The lights are on
When I first got a subscription to GI, I read a review about a game that let you create an obese female gangster with a mustache dressed as a hot dog. That game, Saints Row 2, turned out to be the best crime-style open world game I'd ever played, trumping GTA Vice City, San Andreas, III and IV. So, expectedly, I was excited when reading about the sequel, Saints Row The Third. And believe me: it lives up to all the hype and more.
As many well know, SRtT begins with a hilarious, over-the-top, action-filled bank heist that inevitably goes awry. The next mission involves a plane, snazzy lounge music, brutal melee takedowns, and a freefalling chase through what seems like endless cargo that would make any action movie buff breathless. New characters come into play, such as the conspiracy theorist and super-techie FBI agent Kinzie Kensington, and the auto-tuned, smooth-talking pimp Zimos. Although the game is noticeably shorter than its predecessor, it means each mission is interesting and memorable, especially the missions involving the leaders of the Deckers and the Luchadores (two words: Tron and WWE).
Of course, there are a slew of activities and diversions to engage in when not fraternizing with the most interesting people in Steelport. Professer Genki's Super Ethical Reality Climax is by far the best addition to the group, but every activity is appealing, from the satisfying ca-ching!-filled Tank Mayhem to the frantic Tiger Escort. Some returning activities like Trafficking and Snatch eventually become predictable, but differing banter and constant action keeps them from getting dull.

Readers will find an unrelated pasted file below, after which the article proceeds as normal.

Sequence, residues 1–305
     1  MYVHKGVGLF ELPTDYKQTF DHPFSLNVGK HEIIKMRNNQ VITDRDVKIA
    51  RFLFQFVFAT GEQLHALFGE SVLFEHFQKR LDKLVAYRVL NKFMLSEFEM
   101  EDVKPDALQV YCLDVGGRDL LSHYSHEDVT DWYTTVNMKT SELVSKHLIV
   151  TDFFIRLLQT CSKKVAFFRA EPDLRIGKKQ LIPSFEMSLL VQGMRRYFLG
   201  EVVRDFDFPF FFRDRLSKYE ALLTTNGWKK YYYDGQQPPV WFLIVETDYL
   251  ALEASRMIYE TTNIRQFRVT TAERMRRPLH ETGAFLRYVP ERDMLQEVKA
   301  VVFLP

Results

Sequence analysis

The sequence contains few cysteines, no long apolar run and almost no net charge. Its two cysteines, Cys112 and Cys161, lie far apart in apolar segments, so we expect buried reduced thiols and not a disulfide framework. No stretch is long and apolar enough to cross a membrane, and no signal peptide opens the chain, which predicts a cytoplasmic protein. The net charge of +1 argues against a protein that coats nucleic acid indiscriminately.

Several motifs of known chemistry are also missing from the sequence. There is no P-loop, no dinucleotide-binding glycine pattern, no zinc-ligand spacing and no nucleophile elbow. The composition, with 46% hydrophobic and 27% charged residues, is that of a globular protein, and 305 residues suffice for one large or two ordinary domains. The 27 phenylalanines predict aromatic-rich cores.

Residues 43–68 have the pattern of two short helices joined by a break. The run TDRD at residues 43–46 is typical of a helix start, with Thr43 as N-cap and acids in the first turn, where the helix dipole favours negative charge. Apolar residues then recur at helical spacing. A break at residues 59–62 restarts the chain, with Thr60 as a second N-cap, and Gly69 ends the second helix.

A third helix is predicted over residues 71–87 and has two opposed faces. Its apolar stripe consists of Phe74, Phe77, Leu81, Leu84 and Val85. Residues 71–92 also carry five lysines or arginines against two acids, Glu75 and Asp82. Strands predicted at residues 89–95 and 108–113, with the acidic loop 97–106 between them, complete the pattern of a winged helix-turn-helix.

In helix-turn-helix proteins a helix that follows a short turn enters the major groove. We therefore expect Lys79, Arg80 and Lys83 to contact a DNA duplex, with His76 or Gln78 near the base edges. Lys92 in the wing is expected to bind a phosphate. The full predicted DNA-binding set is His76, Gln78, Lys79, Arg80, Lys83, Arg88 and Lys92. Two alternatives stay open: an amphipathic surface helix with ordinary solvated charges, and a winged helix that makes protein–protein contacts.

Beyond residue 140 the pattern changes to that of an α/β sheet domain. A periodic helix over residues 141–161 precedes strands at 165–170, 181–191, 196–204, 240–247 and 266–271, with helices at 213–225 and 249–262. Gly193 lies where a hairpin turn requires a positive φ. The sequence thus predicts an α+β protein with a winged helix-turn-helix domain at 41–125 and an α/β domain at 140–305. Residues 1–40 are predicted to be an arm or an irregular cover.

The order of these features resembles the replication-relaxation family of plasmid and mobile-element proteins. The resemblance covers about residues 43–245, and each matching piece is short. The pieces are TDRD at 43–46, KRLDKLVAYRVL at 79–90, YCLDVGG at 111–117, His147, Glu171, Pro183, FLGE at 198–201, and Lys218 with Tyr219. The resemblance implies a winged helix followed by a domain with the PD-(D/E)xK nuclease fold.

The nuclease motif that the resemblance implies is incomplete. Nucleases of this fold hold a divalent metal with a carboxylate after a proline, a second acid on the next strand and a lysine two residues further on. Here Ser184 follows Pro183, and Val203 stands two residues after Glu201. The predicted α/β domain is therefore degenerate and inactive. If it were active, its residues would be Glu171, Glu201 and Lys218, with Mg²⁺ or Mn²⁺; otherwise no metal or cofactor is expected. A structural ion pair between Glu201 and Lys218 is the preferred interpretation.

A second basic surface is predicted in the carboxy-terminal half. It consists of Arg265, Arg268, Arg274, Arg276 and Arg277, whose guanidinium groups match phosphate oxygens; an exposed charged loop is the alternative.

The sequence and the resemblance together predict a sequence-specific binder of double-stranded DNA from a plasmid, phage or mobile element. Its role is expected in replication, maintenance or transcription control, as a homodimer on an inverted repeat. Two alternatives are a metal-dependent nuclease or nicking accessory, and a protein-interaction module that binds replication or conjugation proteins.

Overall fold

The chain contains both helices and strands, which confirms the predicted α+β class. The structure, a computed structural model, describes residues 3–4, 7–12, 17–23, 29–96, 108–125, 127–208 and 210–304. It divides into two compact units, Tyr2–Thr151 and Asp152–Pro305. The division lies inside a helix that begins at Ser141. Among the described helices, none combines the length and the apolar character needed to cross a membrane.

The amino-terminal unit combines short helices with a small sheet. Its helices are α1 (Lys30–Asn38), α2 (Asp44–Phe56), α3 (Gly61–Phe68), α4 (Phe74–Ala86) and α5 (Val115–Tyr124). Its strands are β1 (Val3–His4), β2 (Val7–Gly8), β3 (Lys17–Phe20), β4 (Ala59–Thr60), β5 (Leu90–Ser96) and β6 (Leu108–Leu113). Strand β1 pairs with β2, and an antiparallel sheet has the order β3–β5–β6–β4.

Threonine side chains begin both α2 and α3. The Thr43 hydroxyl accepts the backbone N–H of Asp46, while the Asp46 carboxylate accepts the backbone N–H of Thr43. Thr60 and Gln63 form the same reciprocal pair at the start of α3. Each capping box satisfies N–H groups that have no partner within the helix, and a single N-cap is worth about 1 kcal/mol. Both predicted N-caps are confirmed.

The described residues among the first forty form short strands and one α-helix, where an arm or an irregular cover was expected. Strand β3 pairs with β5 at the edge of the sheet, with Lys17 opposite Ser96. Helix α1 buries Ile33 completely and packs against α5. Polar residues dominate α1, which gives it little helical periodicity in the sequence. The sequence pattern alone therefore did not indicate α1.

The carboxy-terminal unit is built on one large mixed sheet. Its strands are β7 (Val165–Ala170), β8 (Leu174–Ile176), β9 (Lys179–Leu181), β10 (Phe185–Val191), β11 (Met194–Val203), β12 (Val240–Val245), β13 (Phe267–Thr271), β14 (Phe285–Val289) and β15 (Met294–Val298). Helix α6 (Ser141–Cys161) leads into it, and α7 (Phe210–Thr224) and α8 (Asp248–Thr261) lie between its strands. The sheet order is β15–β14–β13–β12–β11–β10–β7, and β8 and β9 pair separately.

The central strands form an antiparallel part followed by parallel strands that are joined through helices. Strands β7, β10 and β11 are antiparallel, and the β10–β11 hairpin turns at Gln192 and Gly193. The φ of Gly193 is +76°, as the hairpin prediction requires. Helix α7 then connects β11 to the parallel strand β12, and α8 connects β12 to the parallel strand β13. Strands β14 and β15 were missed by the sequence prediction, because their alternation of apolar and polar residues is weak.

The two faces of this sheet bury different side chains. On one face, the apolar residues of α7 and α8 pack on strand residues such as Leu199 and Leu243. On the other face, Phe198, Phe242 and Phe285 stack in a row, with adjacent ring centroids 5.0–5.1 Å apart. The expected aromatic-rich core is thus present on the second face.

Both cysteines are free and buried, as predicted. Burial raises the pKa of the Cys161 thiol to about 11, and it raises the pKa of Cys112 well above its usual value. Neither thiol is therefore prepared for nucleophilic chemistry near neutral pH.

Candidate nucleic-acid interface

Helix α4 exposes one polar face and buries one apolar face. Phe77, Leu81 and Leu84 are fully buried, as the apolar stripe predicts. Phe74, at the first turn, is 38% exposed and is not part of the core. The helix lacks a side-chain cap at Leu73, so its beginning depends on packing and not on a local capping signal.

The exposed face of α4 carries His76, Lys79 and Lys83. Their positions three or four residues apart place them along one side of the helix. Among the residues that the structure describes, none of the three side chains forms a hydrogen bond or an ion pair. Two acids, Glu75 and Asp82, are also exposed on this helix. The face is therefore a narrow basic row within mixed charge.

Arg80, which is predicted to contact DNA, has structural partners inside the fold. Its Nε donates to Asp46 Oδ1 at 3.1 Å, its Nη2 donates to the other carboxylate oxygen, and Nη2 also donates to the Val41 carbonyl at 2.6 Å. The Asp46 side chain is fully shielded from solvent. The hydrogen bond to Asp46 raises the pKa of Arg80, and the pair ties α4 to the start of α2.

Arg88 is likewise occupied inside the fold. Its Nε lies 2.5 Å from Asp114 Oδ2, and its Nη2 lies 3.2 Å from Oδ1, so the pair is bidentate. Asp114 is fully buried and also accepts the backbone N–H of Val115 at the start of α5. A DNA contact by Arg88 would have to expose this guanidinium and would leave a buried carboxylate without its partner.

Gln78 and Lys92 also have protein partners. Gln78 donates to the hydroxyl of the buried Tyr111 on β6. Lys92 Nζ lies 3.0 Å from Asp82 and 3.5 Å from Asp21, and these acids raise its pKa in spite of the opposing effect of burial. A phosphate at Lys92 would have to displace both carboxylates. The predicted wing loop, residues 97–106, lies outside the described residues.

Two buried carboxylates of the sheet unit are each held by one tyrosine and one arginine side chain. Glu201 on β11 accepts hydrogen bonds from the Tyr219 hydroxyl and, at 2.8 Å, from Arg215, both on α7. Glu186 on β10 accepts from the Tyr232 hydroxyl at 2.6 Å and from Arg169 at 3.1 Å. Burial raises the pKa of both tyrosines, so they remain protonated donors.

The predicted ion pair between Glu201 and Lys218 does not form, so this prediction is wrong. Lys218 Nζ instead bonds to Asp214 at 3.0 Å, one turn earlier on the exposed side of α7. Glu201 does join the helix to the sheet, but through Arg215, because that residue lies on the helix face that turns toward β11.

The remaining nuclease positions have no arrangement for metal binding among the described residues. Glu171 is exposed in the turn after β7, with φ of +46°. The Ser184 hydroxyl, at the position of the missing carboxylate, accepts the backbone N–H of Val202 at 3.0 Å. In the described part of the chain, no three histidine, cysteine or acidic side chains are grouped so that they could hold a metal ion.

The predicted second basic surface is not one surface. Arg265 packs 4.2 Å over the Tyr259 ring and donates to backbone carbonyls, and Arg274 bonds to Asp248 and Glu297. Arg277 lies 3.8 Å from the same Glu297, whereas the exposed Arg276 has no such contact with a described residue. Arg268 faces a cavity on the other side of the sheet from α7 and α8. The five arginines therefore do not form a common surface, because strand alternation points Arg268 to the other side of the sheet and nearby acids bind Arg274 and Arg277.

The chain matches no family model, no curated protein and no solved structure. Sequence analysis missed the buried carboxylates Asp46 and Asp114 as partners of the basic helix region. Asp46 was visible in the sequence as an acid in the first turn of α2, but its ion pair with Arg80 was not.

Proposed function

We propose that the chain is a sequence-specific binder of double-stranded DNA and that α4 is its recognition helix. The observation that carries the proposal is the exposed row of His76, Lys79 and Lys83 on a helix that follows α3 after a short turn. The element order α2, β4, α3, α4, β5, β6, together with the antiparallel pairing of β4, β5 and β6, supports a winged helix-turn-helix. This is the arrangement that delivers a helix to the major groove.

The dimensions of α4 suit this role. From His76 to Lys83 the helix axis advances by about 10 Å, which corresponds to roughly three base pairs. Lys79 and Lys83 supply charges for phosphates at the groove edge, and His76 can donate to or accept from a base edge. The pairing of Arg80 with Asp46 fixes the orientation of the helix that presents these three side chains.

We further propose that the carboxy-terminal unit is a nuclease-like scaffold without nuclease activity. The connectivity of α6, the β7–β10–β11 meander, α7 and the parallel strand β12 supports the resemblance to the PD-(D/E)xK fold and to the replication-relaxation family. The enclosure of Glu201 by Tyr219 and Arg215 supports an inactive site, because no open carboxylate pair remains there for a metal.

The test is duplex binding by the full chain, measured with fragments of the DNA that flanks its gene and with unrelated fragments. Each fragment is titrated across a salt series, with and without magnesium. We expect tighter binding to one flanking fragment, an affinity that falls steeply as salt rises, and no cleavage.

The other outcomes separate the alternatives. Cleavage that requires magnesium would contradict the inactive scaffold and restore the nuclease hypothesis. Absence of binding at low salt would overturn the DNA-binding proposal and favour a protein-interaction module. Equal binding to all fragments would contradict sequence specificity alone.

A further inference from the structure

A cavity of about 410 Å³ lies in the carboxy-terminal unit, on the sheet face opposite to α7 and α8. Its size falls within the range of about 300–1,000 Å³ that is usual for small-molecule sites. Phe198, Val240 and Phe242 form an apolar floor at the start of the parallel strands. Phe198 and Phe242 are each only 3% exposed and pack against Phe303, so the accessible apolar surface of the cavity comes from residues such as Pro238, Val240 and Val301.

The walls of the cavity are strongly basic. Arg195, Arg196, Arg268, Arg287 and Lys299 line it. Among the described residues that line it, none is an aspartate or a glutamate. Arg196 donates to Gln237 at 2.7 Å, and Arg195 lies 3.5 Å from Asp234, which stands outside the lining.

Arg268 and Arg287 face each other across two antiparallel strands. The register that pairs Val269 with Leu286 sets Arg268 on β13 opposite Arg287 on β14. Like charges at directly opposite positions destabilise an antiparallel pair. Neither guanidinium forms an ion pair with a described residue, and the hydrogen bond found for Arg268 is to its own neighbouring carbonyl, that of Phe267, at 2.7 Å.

Gameplay is top-notch, and never feels clunky or unfair. Driving has been majorly improved since SR2, and gunplay is quick, smooth, and extremely precise, which is quite a feat when the guns in question range from standard .45 Shepards to Cyber Blasters. I had very little problems with the gun selection wheel, and the addition of the 'awesome button' modifier made little events like attacking a pedestrian or stealing a car amusing and awesome.
One of the things that has always set Saints Row above GTA for me is customization, whether it be cars, characters, gang members, or now weapons. Even though you can no longer choose the expression on your characters face or change how they walk, the customization is still extremely deep and rewarding, particularly the fact that there's no division between male and female styles; men can wear everything that women can. Car customization is extremely fun, and upgrading weapons is an addition that I can't imagine playing a SR game without.
With the rejection of competitive multiplayer, co-op is the main focus for online play. Although I was disappointed with the realization that there's no splitscreen co-op, the online play is handled very well, and I had hours upon hours of entertainment simply getting five stars of noteriety with a gang with an online friend. Whored Mode (Volition's clever take on Horde Mode) is interesting as well, and although I've only tried it once, I plan to invest time in it mercilessly with a co-op buddy.
It's refreshing to see such a colorful, hilarious, action-filled, and unbelievable game as Saints Row The Third among the sea of serious, dramatic, meaningful games that aren't well suited to a quick gaming session. Saints Row should definitely be considered a runner for Game of the Year, and is worth every bit of your $60.